Let’s first look at ‘moving in’, or being ‘fully present’. Up till now, during the various interruptions Mary has divided her attention between her daughter and her friend. But now, with the next interruption - Tracey coming to the bench complaining about a boy teasing her – Mary decides to ask Cin for a minute and she focuses entirely on Tracey. She gets down on Tracey’s level and gently and deliberately connects with her. She notices each and every detail of Tracey as if she’s seeing and hearing her for the first time: she notes her eyes, her mouth, her body language, and her words and intonation. Mary may apply some of the techniques of ‘active listening’ by repeating Tracey’s message in new words so Tracey will know her mother has truly heard her. Mary focuses 100 % of her attention on the moment as it presents itself to her: her daughter and the apparent discomfort she is in. Now comes the second step: stepping back. Mary mentally takes a step back and observes herself focused in the present situation. From this new vantage point she notices the dynamics of it, her daughter’s and her own feelings, the drives and expectations that are part of it. As she senses the space around the situation that is thus created, she is able to disentangle from her knee-jerk response as a caring mother, rushing in to soothe her child, as well as her knee-jerk response of annoyance at being disturbed for the umpteenth time. While she hugs Tracey she inwardly embraces the space enveloping them both, knowing that Life will use it to inspire both her and her daughter.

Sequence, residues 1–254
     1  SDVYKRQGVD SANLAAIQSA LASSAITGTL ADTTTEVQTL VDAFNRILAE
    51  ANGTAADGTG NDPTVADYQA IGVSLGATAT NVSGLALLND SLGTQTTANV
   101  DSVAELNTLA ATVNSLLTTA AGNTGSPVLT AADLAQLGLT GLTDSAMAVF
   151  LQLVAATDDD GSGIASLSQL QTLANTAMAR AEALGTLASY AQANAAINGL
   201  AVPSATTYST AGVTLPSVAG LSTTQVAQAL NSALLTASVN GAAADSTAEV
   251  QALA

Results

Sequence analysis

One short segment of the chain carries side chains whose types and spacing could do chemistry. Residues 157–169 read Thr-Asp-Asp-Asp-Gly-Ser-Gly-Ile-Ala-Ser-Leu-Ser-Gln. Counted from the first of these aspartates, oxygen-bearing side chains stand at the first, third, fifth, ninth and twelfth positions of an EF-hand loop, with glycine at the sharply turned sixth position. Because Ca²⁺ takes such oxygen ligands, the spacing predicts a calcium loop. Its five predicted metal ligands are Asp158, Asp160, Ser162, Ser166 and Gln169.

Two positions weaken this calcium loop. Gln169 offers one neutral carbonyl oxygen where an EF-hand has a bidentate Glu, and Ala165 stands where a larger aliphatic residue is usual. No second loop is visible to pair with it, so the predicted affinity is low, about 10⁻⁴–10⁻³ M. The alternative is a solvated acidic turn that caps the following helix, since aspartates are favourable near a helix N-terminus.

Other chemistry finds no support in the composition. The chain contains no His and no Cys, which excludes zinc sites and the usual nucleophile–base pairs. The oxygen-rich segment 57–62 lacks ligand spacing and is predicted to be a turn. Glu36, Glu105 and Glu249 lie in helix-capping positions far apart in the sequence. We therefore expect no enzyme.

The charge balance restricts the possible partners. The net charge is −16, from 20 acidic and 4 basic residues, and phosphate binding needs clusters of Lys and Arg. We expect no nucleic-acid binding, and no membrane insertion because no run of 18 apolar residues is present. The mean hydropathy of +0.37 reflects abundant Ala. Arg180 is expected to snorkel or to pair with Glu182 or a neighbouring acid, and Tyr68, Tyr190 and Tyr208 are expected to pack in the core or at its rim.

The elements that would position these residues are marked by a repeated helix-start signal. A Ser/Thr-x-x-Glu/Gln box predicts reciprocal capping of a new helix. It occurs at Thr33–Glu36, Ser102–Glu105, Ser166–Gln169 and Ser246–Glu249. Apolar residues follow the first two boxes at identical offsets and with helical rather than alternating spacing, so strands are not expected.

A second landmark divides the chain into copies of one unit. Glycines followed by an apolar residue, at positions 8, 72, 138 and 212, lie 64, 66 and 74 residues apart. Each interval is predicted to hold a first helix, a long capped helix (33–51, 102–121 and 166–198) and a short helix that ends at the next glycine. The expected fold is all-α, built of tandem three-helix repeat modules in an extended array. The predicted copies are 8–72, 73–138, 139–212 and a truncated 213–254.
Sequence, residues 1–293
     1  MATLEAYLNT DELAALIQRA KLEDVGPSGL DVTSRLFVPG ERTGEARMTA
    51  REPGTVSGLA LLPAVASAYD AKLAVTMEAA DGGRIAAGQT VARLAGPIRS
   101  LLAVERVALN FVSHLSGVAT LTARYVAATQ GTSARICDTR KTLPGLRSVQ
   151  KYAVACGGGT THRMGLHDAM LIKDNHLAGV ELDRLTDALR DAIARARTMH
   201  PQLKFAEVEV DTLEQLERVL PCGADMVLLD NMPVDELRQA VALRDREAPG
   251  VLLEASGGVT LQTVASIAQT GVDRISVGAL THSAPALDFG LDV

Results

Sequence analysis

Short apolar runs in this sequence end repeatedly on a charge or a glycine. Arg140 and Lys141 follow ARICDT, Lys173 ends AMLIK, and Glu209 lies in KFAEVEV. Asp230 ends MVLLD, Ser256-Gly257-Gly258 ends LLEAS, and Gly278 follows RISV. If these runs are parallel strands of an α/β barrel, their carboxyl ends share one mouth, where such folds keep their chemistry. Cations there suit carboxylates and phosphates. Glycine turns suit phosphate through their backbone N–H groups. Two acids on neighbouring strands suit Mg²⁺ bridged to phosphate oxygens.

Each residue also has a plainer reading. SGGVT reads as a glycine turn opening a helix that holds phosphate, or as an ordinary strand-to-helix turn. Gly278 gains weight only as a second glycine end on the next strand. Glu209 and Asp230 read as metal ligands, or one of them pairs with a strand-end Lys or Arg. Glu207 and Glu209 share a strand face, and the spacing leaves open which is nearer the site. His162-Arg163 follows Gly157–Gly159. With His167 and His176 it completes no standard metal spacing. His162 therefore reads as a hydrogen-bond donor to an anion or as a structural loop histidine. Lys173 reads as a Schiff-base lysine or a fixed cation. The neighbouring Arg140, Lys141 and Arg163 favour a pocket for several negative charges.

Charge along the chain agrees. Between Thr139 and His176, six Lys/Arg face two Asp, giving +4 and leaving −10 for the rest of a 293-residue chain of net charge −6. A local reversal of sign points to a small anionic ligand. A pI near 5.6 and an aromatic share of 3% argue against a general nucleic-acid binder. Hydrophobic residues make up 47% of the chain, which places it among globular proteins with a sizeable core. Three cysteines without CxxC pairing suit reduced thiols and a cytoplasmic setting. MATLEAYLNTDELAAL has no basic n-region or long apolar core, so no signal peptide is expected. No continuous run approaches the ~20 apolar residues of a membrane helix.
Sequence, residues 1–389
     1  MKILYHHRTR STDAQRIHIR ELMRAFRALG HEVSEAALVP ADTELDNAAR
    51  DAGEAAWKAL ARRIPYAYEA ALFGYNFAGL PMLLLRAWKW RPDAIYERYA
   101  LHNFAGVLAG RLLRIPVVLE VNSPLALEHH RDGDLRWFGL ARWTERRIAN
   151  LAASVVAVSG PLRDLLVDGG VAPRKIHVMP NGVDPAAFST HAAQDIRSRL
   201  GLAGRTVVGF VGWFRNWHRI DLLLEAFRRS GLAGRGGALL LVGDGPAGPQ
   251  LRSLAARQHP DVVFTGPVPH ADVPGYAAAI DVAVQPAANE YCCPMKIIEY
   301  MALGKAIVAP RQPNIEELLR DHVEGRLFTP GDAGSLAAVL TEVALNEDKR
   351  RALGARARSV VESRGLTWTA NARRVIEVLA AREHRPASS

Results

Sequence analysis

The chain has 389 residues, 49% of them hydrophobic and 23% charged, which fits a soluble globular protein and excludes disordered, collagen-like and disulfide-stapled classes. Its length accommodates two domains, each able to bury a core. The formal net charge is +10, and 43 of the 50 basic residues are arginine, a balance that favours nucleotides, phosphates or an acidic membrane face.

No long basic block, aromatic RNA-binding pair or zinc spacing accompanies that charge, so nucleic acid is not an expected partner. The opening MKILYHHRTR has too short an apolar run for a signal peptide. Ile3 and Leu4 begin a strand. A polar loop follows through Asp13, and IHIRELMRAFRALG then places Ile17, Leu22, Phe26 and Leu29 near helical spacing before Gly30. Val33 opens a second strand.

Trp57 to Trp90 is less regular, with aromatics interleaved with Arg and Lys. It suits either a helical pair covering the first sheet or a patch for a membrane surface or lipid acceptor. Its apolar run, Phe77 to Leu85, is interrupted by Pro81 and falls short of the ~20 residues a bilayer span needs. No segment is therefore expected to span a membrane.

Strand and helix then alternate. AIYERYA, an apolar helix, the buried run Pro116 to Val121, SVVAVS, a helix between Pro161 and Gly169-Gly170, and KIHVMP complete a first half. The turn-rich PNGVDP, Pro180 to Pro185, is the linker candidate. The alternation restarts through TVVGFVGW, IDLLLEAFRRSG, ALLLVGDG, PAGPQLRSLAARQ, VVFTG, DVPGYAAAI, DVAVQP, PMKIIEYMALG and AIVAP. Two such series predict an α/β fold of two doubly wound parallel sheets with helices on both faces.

Can you imagine what this suspended moment in time can mean for a mother and child? It allows old hurts to resolve in a new and unexpected way. It allows developmental aspects to be acknowledged and followed up on. It allows mother and daughter to truly connect and be there for each other.
The outcome of a moment in time thus shared is different in each case. Mary may feel moved (inspired!) to join her daughter in play for a while, or she may sense that Tracey’s needs are best met when she allows her to sit in mommy’s lap for a while. Whatever the specific action taken, the key is: Mary is willing to embrace the situation with her whole being (she moves in) and to open up to new and inspired ways to view it (she steps back).
And what about her friend Cin? Well, Cin finds herself in a first row seat from where she witnesses the way the spiritual tool of “Moving In and Stepping Back” enables Mary to love and care for her daughter in a unique and authentic way. After Tracey’s needs have been met and her confidence restored, Cin and Mary will have plenty of time to resume their conversation and catch up without any further interruptions.
Does all this sound a bit theoretical and distant to you? My advice would be to try it and experience it for yourself. If you do, please let me know about it. I would love to hear from you!
* Eckhart Tolle speaks of the space experienced when you are fully in the present moment: "Suddenly there's an inner space around it which frees you from the limitation of the form."